Rather, the concern was to draw a line between journalism and public relations/lobbying, and to prevent SEJ itself from being cast as an advocacy organization.
www.sej.org /about/palehist.htm   (5627 words)

  
 The Newspaper Guild - Guild Reporter   (Site not responding. Last check: 2007-11-06)
Many forms of politically engaged journalism have arisen to fight social injustice, from Tom Paine’s pamphleteering to Upton Sinclair’s muckraking reports to the no-holds-barred struggle of the underground press with the war machine of the 1960s.
Journalism schools, by and large, are in lockstep with the corporate vision of safe, sanitized reporting and rarely teach the justice journalism of the past.
Perlstein likens advocacy journalism to Bertolt Brecht’s adage that art is not just the mirror that reflects reality, but the hammer with which to shape it.
www.newsguild.org /gr/gr_display.php?storyID=507   (1277 words)

  
 GuvWurld: Advocacy Journalism Again
I have previously written about advocacy journalism, a term often used as a slur against commentators with a perceived liberal bias.
With the blog increasingly recognized as a legitimate form of journalism, its potential value is realized by bloggers using their medium explicitly for the education and social organizing involved in the pursuit of broad-based political change.
Publicly stated goals separate advocacy journalists from those with a mere bias; an advocacy journalist is successful to the extent that such goals are achieved.
guvwurld.blogspot.com /2004/12/advocacy-journalism-again.html   (978 words)

  
 [No title]
Example Five: In the latest budget release it is brought to your attention that the government is spending more on prison systems (where one of your family members is currently serving time for fraud) than on the high school system (where your eldest daughter is finishing her high school career).
Exercise 4: Choose one of the stories you decided was worth pursuing through advocacy journalism from the previous exercise.
Imagine you have decided to pursue the story using the principles of advocacy journalism for your mainstream newspaper or broadcaster.
www.apc.org /english/capacity/policy/mmtk_advocacy_journ_exercises.doc   (728 words)

  
 Charlotta Bass and the California Eagle--The Charlotta Bass Story
Bass practiced "advocacy" journalism, which challenges today's notion that news reporting should be "unbiased." In advocacy journalism, the newspaper openly takes a stand and presents the news from that position.
Moreover, in advocacy journalism, the newspaper is not merely reporting information but is involved in the process of making the news.
Although journalists of the fl press often practiced a community journalism in which the newspapers published platforms and the publishers were community leaders, Bass's level of activism was extraordinary.
www.socallib.org /bass/story/journalist.html   (648 words)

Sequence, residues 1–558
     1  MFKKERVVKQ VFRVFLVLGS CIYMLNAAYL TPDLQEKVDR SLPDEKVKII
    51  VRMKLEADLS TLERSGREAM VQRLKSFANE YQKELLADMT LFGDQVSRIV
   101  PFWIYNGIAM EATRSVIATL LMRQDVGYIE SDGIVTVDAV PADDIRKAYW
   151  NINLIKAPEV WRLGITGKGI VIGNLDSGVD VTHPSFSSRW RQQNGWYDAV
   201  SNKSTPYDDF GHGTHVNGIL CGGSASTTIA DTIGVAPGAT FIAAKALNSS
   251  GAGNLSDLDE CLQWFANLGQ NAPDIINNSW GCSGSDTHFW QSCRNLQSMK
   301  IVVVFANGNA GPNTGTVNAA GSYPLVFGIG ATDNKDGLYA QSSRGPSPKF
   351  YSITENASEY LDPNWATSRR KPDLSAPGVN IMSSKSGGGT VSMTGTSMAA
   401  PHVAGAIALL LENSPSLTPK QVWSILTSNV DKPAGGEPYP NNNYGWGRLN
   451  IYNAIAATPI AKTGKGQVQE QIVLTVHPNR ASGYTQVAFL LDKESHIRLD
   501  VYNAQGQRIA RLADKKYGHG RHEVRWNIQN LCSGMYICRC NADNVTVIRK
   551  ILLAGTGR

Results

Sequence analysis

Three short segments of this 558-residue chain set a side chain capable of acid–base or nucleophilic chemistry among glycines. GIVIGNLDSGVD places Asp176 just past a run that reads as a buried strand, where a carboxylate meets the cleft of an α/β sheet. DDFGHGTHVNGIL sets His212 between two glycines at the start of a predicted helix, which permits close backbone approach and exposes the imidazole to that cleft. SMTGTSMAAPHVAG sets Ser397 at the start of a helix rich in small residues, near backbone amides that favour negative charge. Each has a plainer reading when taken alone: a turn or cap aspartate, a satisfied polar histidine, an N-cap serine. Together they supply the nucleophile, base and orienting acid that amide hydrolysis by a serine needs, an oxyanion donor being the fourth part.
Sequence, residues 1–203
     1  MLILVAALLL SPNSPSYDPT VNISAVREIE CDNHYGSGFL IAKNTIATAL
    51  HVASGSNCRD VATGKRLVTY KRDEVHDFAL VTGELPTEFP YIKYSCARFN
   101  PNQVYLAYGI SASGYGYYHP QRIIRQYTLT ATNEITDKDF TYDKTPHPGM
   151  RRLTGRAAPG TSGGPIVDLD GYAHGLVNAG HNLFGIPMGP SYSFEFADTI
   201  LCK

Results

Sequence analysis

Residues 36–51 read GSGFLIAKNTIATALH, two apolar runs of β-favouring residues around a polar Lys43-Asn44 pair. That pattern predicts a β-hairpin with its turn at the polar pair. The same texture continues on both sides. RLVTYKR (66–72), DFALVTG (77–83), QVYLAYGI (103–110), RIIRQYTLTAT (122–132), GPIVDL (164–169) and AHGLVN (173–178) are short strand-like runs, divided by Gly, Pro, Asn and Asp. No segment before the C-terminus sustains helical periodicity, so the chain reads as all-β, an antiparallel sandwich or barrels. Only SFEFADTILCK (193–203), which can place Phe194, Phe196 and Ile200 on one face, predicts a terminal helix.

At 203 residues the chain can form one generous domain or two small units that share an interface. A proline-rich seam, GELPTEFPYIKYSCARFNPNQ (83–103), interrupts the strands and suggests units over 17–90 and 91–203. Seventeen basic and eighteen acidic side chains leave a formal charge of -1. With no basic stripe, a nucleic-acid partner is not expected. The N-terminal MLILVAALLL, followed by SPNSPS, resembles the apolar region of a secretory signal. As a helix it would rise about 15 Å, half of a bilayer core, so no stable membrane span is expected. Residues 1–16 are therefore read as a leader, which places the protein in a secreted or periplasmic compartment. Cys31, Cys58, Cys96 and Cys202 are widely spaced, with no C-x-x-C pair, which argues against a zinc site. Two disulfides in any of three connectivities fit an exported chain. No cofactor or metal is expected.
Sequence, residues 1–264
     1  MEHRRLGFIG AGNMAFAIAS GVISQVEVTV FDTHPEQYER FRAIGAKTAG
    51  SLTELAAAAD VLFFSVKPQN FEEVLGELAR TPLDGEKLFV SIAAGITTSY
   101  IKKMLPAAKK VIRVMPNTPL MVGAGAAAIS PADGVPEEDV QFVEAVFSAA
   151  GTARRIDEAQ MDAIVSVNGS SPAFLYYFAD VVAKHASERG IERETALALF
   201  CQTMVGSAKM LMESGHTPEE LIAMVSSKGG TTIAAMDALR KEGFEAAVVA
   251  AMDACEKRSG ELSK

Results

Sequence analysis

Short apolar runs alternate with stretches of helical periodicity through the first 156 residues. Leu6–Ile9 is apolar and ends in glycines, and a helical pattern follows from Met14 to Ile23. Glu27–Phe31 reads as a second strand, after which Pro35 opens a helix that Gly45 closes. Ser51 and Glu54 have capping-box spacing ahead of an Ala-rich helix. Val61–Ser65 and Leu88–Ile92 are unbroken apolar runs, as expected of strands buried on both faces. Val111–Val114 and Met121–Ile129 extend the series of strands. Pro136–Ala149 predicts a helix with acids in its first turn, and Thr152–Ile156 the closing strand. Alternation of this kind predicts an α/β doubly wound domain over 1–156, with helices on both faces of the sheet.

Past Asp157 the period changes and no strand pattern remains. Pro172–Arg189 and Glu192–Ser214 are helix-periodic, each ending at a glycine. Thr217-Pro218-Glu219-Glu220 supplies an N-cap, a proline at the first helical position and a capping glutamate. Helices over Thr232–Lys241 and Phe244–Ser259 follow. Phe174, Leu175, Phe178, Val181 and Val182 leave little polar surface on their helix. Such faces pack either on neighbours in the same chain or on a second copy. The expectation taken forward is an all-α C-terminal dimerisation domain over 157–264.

Active Skim View of: Paper Contribution H: The Role of Mass Media in Creating Social Capital: A New Direction for ...
Media Advocacy Media advocacy is the strategic ' + 'use of mass media in combination with community organizing to advance healthy public policies.
Civic journalism, media ' + 'advocacy, and photovoice have been presented as promising approaches, but this is not the same as suggesting that these are successful approaches.
Civic journalism, media advocacy, and photovoice are ' + 'likely means to increase social capital and enhance the capacity of communities to act.
www.nap.edu /nap-cgi/skimit.cgi?isbn=0309071755&chap=337-365   (9689 words)

  
 BuzzFlash > Contributor > Cut on the Media Bias
She spoke about the "narrow channel" of views that are reported in mainstream media, the large amount of relevant detail or analysis that's left unsaid, and the retreat into fl/white, "he said, she said" journalism that is now the trademark of the corporate press.
Apparently no critique or exploration of modern journalism relates to one of the local network affiliates or their representative reporter's practice of journalism.
Speaking of investigations, an editor of the local paper felt that the future of investigative reporting is "bright", and that all reporting is essentially investigative.
www.buzzflash.com /contributors/04/11/con04506.html   (994 words)

  
 [No title]
The Penny Press was a period of journalism (6)in the early industrial era, before the Civil War.
Journalism schools which encouraged ethical behavior began, and standards were established to encourage objectivity.
Spring 2005 The History of Journalism Early Years Subjective Era: Pre-revolution to early US government Before the war, papers were used to express views about if the colonies should revolt.
www.msu.edu /~toddanne/Media_SS05/Chapter4/lecture_notes.doc   (557 words)

  
 The Dread Pundit Bluto: The Truth Crisis in America
In effect, that meant that the opinions of the editors and reporters had escaped the bounds of the editorial page and were masquerading as facts.
Advocacy journalism, in its most virulent form, is almost indistinguishable from propaganda.
Advocacy journalism deliberately blurs the line between fact and opinion, and leads naturally into absurdities such as referring to employees of the Soviet-era Pravda and al Jazeera as “journalists”.
dreadpundit.blogspot.com /2005/01/truth-crisis-in-america.html   (253 words)